Tuesday, 13 September 2016

How to be there for someone with anxiety

(*photo credit to Blondinrikard Froberg*)

Research, research, research:
before you open your mouth. Before you offer advice. Before you say the thing, the wrong thing, because unfortunately, that would be the easiest thing in the world for you to do. Listen to them. Ask them questions, if they're comfortable talking about it.

If you're not willing to try, to educate yourself, to accept: to understand, somehow, then walk away. Let them be. They will wear your ignorance as a scar on the heart.

Please, please, please do not ever tell them to 'calm down', or 'chill out'; do not ever tell them that they're being silly or have nothing to be anxious about. Let's acknowledge the obvious: if they could simply switch it off, they would. They would choose, in a heartbeat, to live without the bastard if they could.

Sunday, 4 September 2016

The breaking

I threw up in the minutes after he left. And then I sat, clutching my hair in my hands on the bathroom floor, crying. Deep, primal sobs that shook my ribcage: the kind I'd never cried before. The kind that only ever come when you love with your entire being, only to discover that it is not enough. Sometimes, in spite of it all, we are just human. Vulnerable, and flawed, and hurt. We cannot always fix the broken parts. We cannot always put them back together.

We build homes in humans, I think. And so, when they leave: when the foundations aren't strong enough to weather the fourth storm of the year, we find ourselves homeless. Lost. Wondering who we were before we were theirs. Wondering if there will ever come a day when we don't feel them, somehow. When we don't fall asleep remembering how it felt to do so against the warmth of their skin.

Monday, 15 August 2016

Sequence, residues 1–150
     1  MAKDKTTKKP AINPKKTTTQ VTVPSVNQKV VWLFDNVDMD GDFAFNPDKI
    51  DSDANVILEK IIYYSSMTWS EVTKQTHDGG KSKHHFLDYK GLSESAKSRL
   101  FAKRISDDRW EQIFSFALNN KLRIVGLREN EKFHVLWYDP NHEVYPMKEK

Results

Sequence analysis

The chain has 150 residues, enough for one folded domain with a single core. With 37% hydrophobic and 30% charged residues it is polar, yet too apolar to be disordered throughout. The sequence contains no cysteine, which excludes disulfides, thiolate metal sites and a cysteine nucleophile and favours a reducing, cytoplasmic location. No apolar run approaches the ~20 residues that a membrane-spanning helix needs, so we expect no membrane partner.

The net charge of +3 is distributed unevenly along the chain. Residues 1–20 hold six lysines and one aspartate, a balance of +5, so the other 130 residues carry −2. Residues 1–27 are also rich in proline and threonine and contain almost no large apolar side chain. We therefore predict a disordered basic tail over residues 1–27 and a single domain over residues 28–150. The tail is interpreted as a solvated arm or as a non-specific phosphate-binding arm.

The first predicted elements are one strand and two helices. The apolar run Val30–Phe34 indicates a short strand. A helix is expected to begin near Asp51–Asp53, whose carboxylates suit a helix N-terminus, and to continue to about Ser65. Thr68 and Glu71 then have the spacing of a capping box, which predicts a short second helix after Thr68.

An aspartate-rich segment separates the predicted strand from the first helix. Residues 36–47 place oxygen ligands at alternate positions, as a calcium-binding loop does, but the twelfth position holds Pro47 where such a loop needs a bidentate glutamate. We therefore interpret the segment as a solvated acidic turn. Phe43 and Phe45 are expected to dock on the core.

(*Photo credit to the girl who makes my every day brighter, my wonderful Ash*)

There was a doctor, at the hospice I worked at, who retired in the days after I left. She had thick, wiry hair that seemed to move after the rest of her, and she wore decorated skirts that looked like seventies curtains. I always felt that how she looked on the outside was exactly how she was on the inside. A little chaotic. Effervescent. Beautiful, and full of colour.

She'd worked at the hospice for years and years: an embodiment of knowledge and wisdom and hope and this wild, kooky sense of humour that always forced a crack of dazzling light through the black. She became everything to so many of her patients because of it. I watched her heart break a little as she stood, amidst a sea of adoring faces, to say goodbye.  

'So many of you have come up to me to share kind words,' she began, 'to tell me that I am all of these wonderful things. But I want to remind you of a South African philosophy by which I live my life. Ubuntu. It means, essentially, that I am me because you are you. I am what I am because you are what you are.' 



Sunday, 7 August 2016

8 things we should all do more often

Send handwritten letters/cards. In our busy, technology centric, social-media-scrollin' lives, nothing says 'I actually really bloody care' quite like taking a few sedate moments to scrawl some messy, heartfelt words. It's special. It's intimate. And you know what? It's pretty damn therapeutic too.

Take a digital detox. Ultimately, as fascinating and convenient and lovely as it may be to have the entire world and all of these wonderful humans at our fingertips, the most fervent charms of our existence stem from seeing and feeling and doing. I think it's important, now and again, to completely switch off: to surrender ourselves to the perpetual beauty of the world around us and the people we hold close. To drive into the wild, orange sunset that bleeds spectacularly across the horizon. To listen, closely, to the details of her day: how her bra bunched up and the sweat dripped from her brow and how she laughed, how she laughed, as she missed her third bus of the day. To simply be present in a world that is in no way filtered or saturated. To be present.

Tuesday, 2 August 2016

The evolution of grief

When somebody dies, people so often say that they had a 'heart of gold', and I think that maybe, sometimes, we remember people as being more than they were once they're gone, because it would feel wrong, dishonourable, at such a time, to do anything but. We said those words about my friend, Zac, too. Except, this time, those words simply weren't enough. You could not attribute any amount of letters to the warmth and vibrancy of his soul. I remember, that morning, how the world was stripped of the August sun and how it just rained and rained and rained, and I remember thinking what a perfect metaphor that was for the loss.
Related Posts Plugin for WordPress, Blogger...

Humans who stopped by

© Hello. I am Kathy B. | All rights reserved.
Blogger Template Created by pipdig